In The Lord of the Rings, Book V, chapter 3, "The Muster of Rohan", Hirgon brings the Red arrow from Denethor, as a sign that Gondor desperately needs Rohan's help in the coming battles.

He sank on one knee and presented the arrow to Théoden. 'Hail Lord of the Rohirrim, friend of Gondor!' he said. 'Hirgon I am, errand-rider of Denethor, who bring you this token of war. Gondor is in great need. Often the Rohirrim have aided us, but now the Lord Denethor asks for all your strength and all your speed; lest Gondor fall at last.'
'The Red Arrow!' said Théoden, holding it, as one who receives a summons long expected and yet dreadful when it comes. His hand trembled. 'The Red Arrow has not been seen in the Mark in all my years! Has it indeed come to that? And what does the Lord Denethor reckon that all my strength and all my speed may be?'

Clearly, all the parties involved understand the significance of this symbol, but I haven't seen any explanation of its origin/history in any of Tolkien's works. (I haven't read HoME, maybe it's in there)

  • tolkiengateway.net/wiki/Red_Arrow
    – Valorum
    Feb 6, 2022 at 1:14
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    I have a vague, very vague mind you, memory that a blooded arrow was a traditional Norse emblem of war, either as a declaration or a call to arms but I can't find the references I need right now. Tolkien was a scholar of old Norse and much else in the Legendarium is based in Norse languages and traditions.
    – Ash
    Feb 6, 2022 at 3:09
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    Doesn’t the surrounding words and actions make it clear that the red arrow is something the steward of Gondor sends to the lord of the Rohirrim when Gondor is in great need of all of he strength and speed of Rohan? Feb 6, 2022 at 5:49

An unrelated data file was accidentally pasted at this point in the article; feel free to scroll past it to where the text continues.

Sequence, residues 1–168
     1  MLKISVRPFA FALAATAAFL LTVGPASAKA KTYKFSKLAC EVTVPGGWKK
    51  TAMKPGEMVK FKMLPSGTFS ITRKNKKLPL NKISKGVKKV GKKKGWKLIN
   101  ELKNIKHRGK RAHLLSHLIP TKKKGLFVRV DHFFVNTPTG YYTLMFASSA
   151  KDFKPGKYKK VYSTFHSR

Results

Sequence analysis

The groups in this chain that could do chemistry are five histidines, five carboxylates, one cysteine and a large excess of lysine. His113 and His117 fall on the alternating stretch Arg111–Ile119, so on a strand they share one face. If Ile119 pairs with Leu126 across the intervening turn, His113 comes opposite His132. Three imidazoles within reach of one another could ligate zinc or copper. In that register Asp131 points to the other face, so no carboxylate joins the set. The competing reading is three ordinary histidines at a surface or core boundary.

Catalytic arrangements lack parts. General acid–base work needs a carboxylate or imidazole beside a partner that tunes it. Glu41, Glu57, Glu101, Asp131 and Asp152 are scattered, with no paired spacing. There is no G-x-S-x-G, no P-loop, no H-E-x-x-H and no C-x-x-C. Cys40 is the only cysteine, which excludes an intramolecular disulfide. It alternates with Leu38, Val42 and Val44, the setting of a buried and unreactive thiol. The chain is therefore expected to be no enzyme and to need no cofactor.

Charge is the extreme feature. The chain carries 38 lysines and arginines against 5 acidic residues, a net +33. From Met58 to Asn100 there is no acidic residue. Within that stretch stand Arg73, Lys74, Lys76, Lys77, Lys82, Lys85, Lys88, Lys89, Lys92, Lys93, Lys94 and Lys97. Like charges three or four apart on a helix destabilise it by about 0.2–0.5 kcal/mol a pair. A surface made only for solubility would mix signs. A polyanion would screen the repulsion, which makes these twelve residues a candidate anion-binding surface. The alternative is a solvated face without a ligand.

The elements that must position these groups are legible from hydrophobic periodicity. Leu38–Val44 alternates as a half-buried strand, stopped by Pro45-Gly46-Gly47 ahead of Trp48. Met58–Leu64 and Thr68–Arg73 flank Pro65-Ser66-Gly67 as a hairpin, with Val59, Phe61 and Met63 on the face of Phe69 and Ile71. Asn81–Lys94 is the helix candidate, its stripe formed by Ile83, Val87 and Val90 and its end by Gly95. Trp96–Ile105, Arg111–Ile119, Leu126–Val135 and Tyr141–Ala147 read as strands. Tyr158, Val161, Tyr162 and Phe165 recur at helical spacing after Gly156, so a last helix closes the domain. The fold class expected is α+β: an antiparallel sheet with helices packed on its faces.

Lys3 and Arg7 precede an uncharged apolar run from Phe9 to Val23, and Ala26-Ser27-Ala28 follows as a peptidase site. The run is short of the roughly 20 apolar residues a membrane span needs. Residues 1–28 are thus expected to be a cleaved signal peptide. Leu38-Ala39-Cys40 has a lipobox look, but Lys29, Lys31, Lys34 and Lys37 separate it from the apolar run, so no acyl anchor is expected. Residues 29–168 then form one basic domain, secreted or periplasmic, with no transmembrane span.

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    There are multiple things in the book that the reader can only infer the meaning of based on how the characters react to what is, to us, something lacking all context and explanation. It's worth asking, but, no, there's no explanation whatsoever. See also: the cats of Queen Beruthiel, and, for that matter, Tom Bombadil. Feb 6, 2022 at 8:57
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    Yep, there was a retcon for Beruthiel, but never published in his lifetime, and certainly not something a LotR reader could be expected to know about Feb 6, 2022 at 21:21

1 Answer 1


Within the published book

There really isn't anything here to go on. The arrow gets mentioned in this scene, gets very briefly mentioned by Gandalf in the next chapter, and then appears again in the chapter after that when the Rohan scouts find Hirgon's corpse.

‘Yes, he will come,’ said Gandalf, ‘even if he comes too late. But think! At best the Red Arrow cannot have reached him more than two days ago, and the miles are long from Edoras.’
The Lord of the Rings - Book V Chapter 4 - "The Siege of Gondor"